Peggy Ann said...

You had a superb month of reading, Cath! I love reading on the iPad as it is larger than my kobo ereader. Adjusting the lighting is nice too!

Kailana said...

I bought a Kobo Tablet at Christmas. I like it because I can read across all the different companies in one place. :) Looks like you had a great month. I hope March is just as wonderful!

BookPlease said...

A great month, Cath. I think I read faster on Kindle too. It has helped that some of the books I read this month were only short.

I'm looking forward to reading The Nine Tailors, but am leaving it until April. It's no good reading a book too much in advance of my book group meeting, as I'll forget it by the time the meeting comes round.

DesLily said...

hmmm ok.. here's the deal. I will tell you what books I want to read.. then you read them and write the review for me and I'll post them like I did it ok? lolxoxoxoxoxoxoxox

Yvonne@fiction-books said...

Hi Cath,

I haven't read any Dorothy Sayers, or Georges Simenon for years and can't remember either of the books you feature by them.

I make it a point to never re-read a book, however I am sorely tempted to try and get hold of a copy of these books, as you have whetted my appetite for a good, taditional 'whodunnit'

I can't remember the last time I managed to read more than a couple of books in a month and the only possible reason I can think of, is the amount of time I spend on the blog and the fact that I seem to be devoting much more of my daytime to the hospice shop.

I have so many physical books on my shelves, however most of my reading is Kindle based now, so I am never likely to get to many of them, which is so sad.

It is good to catch up with you after so long and I hope that our little Wordpress difficulties can be resolved very soon.

Yvonne.

Cath said...

Peggy: Thank you. I think ereaders and iPads are a Godsend for those of us who are older and whose sight is not what it was. Practically every book I pick up these days has print I struggle to read.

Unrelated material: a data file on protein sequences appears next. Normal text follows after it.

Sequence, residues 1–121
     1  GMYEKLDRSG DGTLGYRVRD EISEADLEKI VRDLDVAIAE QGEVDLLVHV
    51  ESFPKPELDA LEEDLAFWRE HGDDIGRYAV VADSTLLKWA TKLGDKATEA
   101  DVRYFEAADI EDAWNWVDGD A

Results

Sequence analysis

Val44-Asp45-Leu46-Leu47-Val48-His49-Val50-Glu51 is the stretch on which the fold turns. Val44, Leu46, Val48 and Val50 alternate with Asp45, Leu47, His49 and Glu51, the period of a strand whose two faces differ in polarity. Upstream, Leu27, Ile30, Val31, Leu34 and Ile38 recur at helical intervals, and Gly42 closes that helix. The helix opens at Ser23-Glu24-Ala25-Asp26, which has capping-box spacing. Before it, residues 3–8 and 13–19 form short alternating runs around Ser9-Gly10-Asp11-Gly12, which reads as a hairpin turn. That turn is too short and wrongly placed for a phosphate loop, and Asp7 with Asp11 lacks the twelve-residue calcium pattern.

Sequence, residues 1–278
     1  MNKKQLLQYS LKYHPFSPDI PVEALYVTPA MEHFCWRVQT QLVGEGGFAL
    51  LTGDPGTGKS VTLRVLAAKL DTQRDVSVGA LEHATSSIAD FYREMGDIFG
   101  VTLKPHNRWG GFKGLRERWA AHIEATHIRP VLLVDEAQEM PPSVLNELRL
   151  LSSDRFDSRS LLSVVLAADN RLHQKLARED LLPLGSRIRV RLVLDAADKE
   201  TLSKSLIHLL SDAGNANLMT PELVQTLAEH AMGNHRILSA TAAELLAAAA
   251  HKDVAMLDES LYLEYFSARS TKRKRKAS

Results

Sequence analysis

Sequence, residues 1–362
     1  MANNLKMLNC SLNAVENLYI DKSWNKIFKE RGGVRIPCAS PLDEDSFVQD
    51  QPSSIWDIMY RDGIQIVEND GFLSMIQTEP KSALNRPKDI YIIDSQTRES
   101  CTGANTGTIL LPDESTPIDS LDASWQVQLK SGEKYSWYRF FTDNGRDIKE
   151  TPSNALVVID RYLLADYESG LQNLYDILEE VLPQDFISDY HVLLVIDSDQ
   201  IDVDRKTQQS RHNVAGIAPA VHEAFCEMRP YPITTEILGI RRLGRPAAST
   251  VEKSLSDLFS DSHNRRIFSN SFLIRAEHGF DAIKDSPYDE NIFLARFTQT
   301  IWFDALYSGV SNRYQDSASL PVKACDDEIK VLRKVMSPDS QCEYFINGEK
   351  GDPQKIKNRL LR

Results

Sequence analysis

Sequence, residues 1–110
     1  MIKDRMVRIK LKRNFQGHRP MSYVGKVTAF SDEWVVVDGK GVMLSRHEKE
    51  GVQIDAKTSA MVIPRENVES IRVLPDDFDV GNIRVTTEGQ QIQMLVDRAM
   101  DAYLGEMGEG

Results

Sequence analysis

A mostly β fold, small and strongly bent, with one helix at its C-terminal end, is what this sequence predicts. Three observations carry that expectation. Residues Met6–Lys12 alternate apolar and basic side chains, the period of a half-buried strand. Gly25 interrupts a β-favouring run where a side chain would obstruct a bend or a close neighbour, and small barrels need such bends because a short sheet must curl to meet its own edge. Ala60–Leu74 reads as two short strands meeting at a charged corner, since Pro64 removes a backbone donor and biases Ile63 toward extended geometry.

Kelly: Me too. There's so much available for ereaders now and likely to be even more in the future.

Margaret: Yes, a couple of mine were shorter too, Maigret for instance, those are only about 120 pgs each.

I hope you and your bookgroup like The Nine Tailors as much as I did.

Pat: Okay!!! LOL

Yvonne: I've been genuinely shocked at how much I like Dorothy Sayers' books. I had read some Simenon before but had forgotten how much I liked them.

I reread very little too, too many new books to read for that.

I'm trying to spread my reading between books and ereaders but the ereader is so easy that I share your problem of having some books I may never read. Oh well, the charity shop does well.

Nan said...

I don't think DLS can be beat! In many of the Gladys Taber books she mentions how her friend Jill always reads The Nine Tailors in the winter. Every year I mean to begin it with the new year, but haven't yet. I am on my third ebook reader. I bought the first Kindle, then switched to Nook, then bought the lit Kindle, and I'll never try anything else, though I love being able to read my Kindle books on my iPhone when I'm out of the house waiting for something like say, a movie to start. :<)
I didn't want a reader that also had internet because I wanted it to be just for books. I didn't want to be tempted to read an email, etc.

Cath said...

Nan: What a lovely idea to reread The Nine Tailors each winter. It's a book that suits that plan perfectly. Another would be The Long Winter by Laura Ingalls Wilder.

My Kindle has the internet but I don't use it. Like you I didn't buy it for that.

Vintage Reading said...

I quite liked Have his Carcase, but I thought it went on a bit. Liked the bits with Harriet finding the body on the beach but then I got a bit bogged down. I think the only Sayers I really like is Gaudy Night.

Cath said...

Nicola: I've been told that Gaudy Night is probably the best LPW so am really looking forward to reading it.